A Southampton-based maritime charity will lower its flag to half-mast today (3 August) to commemorate the sinking of a hospital ship 100 years ago, which caused outrage across the nation when it was torpedoed in the English Channel, killing 123 people.
His Majesty's Australian Transport (HMAT) Warilda was transporting hundreds of wounded soldiers from the French port of Le Havre to Southampton when, despite being clearly marked with the Red Cross, it was struck by a single torpedo from a German U-boat.
Upon impact the ship’s starboard propeller was disabled, the engine room flooded and the steering gear obliterated. Unable to steer, the Warilda continued moving in a circle at 15 knots – making it difficult for those on board to escape in lifeboats.
The ship remained afloat for almost two hours before sinking into the channel.
Survivors were taken to the Royal Victoria Hospital in Netley and the Jellicoe Sailors’ Rest, which was based in Washington Terrace (now Orchard Lane) and run by Southampton-based maritime charity Sailors’ Society.
The charity’s Southampton port missionary at the time, P. J. Pitter, wrote: “Many of the men were without clothing at all and at the last minute had secured a blanket for covering. Others had very sparse clothing and still were wet, the result of their sudden immersion.
“I saw three men who had been torpedoed twice and three times previous, and by these men the name of Sailors’ Society will be remembered as long as they live.
“Outside gathered a great company of mothers, wives and children, and it took us all our time to answer the thousand questions that were put to us concerning their dear ones. One young woman suddenly espied her husband making his way to the bathroom. She immediately ran to him and, embracing him, exclaimed, ‘Thank God, Jack, you are safe!’”
Private J. Adam Ogden, a 19-year old from Mansfield, was not so lucky. He had been wounded three times during the conflict. Having been rescued from the torpedoing, he was transported to the Royal Victoria Hospital in Netley, where he died five days after the sinking.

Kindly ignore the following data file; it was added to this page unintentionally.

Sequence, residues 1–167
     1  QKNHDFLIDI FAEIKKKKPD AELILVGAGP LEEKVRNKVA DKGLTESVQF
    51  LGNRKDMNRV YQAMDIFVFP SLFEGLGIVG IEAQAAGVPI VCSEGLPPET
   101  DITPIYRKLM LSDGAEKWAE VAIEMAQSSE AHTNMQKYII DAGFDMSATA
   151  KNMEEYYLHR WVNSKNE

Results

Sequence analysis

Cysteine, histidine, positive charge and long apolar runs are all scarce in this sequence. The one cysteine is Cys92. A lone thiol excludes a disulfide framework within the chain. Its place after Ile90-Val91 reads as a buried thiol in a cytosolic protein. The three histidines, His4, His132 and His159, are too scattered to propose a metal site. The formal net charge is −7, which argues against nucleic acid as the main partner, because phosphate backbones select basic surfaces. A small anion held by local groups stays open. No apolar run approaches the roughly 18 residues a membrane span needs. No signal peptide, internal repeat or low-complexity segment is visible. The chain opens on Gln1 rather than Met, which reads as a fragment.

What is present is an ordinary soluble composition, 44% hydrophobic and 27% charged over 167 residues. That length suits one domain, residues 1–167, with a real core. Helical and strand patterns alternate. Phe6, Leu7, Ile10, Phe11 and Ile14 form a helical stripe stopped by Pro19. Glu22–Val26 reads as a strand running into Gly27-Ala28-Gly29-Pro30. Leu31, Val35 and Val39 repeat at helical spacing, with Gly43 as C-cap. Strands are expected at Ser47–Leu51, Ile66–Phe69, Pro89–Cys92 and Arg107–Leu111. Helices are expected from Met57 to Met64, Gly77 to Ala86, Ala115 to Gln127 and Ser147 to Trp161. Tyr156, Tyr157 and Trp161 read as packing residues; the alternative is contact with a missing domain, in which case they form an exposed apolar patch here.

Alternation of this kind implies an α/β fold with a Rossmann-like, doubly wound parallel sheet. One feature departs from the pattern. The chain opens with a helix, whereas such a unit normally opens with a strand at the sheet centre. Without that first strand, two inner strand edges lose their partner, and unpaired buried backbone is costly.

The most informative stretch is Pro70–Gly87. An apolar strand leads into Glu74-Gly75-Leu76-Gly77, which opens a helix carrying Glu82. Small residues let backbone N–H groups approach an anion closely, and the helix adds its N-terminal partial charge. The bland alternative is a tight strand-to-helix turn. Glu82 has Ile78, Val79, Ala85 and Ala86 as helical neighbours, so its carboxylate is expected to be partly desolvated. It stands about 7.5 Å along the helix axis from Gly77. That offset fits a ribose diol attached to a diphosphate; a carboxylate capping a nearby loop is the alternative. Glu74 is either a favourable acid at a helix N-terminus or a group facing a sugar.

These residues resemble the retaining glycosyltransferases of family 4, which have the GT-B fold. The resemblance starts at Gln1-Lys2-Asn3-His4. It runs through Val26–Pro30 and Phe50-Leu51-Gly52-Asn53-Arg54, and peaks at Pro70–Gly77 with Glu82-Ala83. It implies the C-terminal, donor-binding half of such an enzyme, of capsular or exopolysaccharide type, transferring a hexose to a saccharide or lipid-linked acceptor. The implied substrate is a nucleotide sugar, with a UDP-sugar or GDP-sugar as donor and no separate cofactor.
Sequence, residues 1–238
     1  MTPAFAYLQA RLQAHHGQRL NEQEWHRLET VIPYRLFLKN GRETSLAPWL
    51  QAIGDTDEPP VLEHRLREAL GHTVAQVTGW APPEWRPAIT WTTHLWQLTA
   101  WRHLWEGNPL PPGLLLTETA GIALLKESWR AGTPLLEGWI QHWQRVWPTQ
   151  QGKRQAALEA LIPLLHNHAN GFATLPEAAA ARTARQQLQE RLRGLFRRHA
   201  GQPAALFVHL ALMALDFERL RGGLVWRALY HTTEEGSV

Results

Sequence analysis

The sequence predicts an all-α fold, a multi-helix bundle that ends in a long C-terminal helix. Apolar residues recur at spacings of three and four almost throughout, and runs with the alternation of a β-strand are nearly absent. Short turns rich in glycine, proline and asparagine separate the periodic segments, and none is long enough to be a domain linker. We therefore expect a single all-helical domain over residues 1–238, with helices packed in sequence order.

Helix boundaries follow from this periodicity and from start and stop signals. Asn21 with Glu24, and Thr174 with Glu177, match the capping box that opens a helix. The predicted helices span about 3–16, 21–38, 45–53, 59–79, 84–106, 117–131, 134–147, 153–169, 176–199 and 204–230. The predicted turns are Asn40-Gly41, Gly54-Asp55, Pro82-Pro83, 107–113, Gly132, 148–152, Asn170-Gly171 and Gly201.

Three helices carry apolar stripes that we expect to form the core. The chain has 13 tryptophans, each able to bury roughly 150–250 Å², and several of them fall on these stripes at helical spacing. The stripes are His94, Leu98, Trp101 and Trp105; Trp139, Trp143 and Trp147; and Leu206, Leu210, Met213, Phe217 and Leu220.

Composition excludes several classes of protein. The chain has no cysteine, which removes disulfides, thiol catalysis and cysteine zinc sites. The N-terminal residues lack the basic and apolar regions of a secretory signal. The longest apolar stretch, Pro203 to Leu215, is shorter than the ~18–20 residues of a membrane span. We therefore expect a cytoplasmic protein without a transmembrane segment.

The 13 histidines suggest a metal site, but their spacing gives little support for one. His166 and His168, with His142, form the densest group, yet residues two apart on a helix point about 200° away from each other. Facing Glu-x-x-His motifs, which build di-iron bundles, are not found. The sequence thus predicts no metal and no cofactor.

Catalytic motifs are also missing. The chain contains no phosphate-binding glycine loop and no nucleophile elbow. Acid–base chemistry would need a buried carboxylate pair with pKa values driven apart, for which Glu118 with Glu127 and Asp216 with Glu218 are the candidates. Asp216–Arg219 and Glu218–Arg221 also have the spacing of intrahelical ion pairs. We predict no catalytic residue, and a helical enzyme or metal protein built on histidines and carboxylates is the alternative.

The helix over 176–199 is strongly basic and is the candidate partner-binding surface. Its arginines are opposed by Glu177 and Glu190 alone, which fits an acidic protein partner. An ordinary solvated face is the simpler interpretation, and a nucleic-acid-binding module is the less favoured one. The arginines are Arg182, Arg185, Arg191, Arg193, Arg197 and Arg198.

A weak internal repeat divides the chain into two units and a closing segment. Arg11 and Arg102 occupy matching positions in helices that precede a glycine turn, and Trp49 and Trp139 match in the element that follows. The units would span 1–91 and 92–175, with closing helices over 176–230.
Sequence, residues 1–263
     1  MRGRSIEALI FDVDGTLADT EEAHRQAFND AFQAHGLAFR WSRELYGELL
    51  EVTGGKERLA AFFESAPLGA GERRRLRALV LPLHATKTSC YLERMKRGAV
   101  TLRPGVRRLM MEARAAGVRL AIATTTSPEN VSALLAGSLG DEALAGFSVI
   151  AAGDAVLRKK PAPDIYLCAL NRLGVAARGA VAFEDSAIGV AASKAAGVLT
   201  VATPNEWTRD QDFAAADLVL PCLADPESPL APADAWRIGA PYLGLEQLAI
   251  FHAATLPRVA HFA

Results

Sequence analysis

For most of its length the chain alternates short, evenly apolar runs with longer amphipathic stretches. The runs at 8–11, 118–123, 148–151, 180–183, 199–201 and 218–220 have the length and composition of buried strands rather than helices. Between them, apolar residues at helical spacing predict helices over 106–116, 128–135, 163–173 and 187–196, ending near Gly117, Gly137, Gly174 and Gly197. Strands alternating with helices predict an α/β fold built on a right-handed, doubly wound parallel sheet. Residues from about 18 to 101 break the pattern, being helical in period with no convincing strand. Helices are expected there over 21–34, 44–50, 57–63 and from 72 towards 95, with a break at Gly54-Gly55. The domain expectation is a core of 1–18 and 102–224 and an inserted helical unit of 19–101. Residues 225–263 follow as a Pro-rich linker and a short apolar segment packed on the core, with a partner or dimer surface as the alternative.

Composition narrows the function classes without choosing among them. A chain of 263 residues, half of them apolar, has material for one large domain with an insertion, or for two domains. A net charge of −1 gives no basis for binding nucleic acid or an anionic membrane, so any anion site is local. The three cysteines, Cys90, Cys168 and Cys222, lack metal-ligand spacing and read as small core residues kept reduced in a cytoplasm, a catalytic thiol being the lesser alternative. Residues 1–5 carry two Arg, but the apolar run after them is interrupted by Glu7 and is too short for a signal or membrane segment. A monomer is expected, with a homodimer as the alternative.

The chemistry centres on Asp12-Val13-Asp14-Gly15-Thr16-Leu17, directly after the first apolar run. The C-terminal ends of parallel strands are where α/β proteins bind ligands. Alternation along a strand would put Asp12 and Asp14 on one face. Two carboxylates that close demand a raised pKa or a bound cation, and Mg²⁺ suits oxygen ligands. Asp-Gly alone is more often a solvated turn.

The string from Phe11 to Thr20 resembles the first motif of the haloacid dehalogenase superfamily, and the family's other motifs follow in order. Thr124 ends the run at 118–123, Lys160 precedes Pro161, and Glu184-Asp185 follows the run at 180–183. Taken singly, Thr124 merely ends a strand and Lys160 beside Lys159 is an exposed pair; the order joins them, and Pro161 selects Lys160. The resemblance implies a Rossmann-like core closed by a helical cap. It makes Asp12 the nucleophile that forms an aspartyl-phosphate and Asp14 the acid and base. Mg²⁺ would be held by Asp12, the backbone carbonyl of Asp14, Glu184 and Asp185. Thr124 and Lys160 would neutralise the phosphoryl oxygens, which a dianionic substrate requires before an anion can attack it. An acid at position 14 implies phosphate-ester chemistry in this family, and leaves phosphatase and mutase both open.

Probably the most prominent of the lost was Violet Long OBE, the Deputy Chief Controller of the Queen Mary’s Army Auxiliary Corp (QMAAC).
Violet was the last woman to leave the stricken ship, having made sure the QMAAC staff in her care were safely off.
One of those, Charlotte Allen Trowell, told reporters at the time: “I shall never forget the end of Mrs. Long who had been so kind to me. She clung to the boat into which I had been dragged and I caught hold of her by the hair.
“She exclaimed ‘Oh save me. My feet are fastened. I have lost a foot.’ Her feet had become entangled in some rope. Strenuous efforts succeeded in freeing her limbs and a Southampton sailor tried hard to get her into the boat, but she collapsed suddenly, fell back and was drowned.”
Violet’s body was never recovered; she is commemorated at Southampton’s Hollybrook Memorial, along with those lost at sea in the tragedy.
Before it sank, Warilda had carried more than 70,000 troops and wounded and in 1919 the ship’s Captain, James Sim, from Sydney, was awarded the OBE by King George V.
Peter Tomlin MNM MBE, CEO of the Merchant Navy Welfare Board, said: “More than 3,000 British flagged merchant and fishing vessels were sunk during World War I with almost 15,000 merchant seafarers lost.
“During both world wars, the Merchant Navy played a crucial role, transporting soldiers and keeping supply lines open.”
Sailors’ Society’s CEO Stuart Rivers said: “In the final months of World War I, Sailors’ Society supported more than 14,000 people from torpedoed ships.
“In lowering the charity’s flag today we remember those lost in the Warilda’s sinking and during the conflict.”